Monday, September 17, 2018

Suspect Indicted in Death of Isabel Celis

A suspect has been indicted in the homicide of Isabel Celis. 

Is the analysis of his 911 call wrong?

Will a conviction mean:

a. the accused did it?
b. the father had no connection to the accused?
c. Dept of Children and Family (DCF) did not have concerns or evidence of sexual abuse by the father?

Let' look at the 911 call again. 

It is best to start an investigation at the first moment where one speaks and tells police, "What happened."

This is an Emergency Phone call.  In the United States, it is the number "911."

When Isabel Celis went missing, what did her father, Sergio Celis, tell us about what happened? 

This is the most important thing about the case as it is the first information given. 

How did the father (caller) describe his daughter?  This is called "Linguistic Disposition"

Analysis of an emergency call is the same as analyzing an interview in which the subject is asked, "What happened?" knowing that the subject has not already been interviewed.  

We begin with the presupposition of innocence. 

 This is a "de facto" innocence; not judicial.  In the United States, we have a presumption of judicial innocence.  

Sergio Celis is judicially innocent in the death of his daughter, Isabel.  He remains so at this time, with a sex offender under indictment. 

This is the same approach to all. It is done in order to facilitate deception detection.  We believe and hold to the expectation that the caller does not possess guilty knowledge of that which is to be reported and his motive is to facilitate information for a successful conclusion. 

This is also important since 90% or more of deception comes from deliberately withheld or concealed information, rather than outright lying. 

Therefore, even with 100% technically truthful statements where there is deception, line by line, we are very likely to obtain reliable information as to what happened.  In other words:

Everything the person said was true.  They simply left out that they did the crime.  

"I heard a gun shot and found my wife on the floor, bleeding from the head..." may be 100% technically truthful. 

He did hear a gun shot. 
He did "find" her on the floor.
Her head was bleeding. 

There is but one problem:  he left out the fact that he shot her. 

Deception detection would find out this missing info, but Content Analysis would tell the investigator what happened, why, when and how, and the forensics are likely to match.  

Question:  What does Sergio Celis tell us what happened to Isabel? 

Here is the entire 911 call made by Sergio Celis regarding his missing 7 year old daughter, Isabel.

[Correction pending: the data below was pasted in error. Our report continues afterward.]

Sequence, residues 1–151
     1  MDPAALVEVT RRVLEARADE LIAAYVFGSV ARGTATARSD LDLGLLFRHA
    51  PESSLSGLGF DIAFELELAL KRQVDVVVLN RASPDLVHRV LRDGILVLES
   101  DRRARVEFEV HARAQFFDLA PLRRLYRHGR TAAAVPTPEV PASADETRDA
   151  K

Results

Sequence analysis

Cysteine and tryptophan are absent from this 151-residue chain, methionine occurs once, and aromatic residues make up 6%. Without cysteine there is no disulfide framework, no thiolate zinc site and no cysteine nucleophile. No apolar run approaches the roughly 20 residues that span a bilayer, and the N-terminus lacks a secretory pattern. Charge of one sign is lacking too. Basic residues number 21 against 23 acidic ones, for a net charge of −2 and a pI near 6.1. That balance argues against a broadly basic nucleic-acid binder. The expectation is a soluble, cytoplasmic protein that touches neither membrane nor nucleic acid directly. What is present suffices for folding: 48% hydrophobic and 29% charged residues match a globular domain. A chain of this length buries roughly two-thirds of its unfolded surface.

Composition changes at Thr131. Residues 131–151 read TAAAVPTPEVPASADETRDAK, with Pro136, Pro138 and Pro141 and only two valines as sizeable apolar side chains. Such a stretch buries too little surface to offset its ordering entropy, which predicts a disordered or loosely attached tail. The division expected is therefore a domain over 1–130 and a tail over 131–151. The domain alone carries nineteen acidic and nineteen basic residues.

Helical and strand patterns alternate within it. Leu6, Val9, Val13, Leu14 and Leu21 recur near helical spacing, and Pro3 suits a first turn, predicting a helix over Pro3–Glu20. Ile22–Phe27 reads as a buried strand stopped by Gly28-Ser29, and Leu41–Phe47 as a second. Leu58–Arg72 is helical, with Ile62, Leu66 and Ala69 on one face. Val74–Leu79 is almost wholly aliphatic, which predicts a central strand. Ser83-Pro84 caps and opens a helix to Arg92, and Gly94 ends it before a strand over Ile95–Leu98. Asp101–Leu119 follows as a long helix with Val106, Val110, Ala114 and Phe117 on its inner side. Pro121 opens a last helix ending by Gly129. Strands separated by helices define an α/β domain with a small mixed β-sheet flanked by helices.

Emphasis by underlining, italics and color added.  

Please note that the color blue is given for the highest level of sensitivity.  

We expect a biological father to report his daughter missing.  

Dispatcher:911 what's your emergency?

Sergio Celis: I want to report a missing person, my little girl who's six years old, I believe she was abducted from our house.
Please note that additional or extra words give us additional information.   The added word "want" actually reduces commitment.  
Please note that he is reporting a missing "person"; it is not expected that a father would refer to his child as a "person" 
Note the order:
1.  He wants to report a missing person. This is to remove the identity of Isabel and make her, in his verbalized perception of reality, a "person"; in fact, a "missing person" just like the thousands of missing persons reported every year.  This is "distancing language" and it indicates a psychological need for blending Isabel in with many others.  It is the opposite of a biological father's instinct. 

The first identity of the victim is as a "missing person." 

Next in the order of priority she is: 

2.  "My little girl

We will continue to view the names, titles and connections for the victim to himself.  

As a "missing person", she is his "little girl."  She does not yet have a name.  

3.  What happened?

He "believes" she was "abducted" from "our" house.  

Note the assertion of abduction is only "believed" which is weak.  If he believes that she has been abducted, he should have a reason for his belief which would make the weak assertion appropriate.  If he is just guessing, the weakness is appropriate. 

"What makes you think she was abducted?" is a natural question and if your 6 year old little girl was missing, you'd likely have a reason to assert as much. 

Why did he think she was "abducted"?

Next, let's consider the word "abducted" rather than kidnapped.


Because I am concerned about Narrative reporting.  

Narrative reporting is what investigators  street cops, child protective services, insurance professionals, etc,  call "story telling."  

It is "scripted language" which indicates pre thought.  

Why is "abducted" possibly scripted language?  

Why not "kidnapped", the more active taking of a child for unknown reasons?

  An abduction is conclusionary and does not hold the same meaning as "kidnapped" where ransom and contact may be expected.  

An abduction is that which is used when motive has been determined.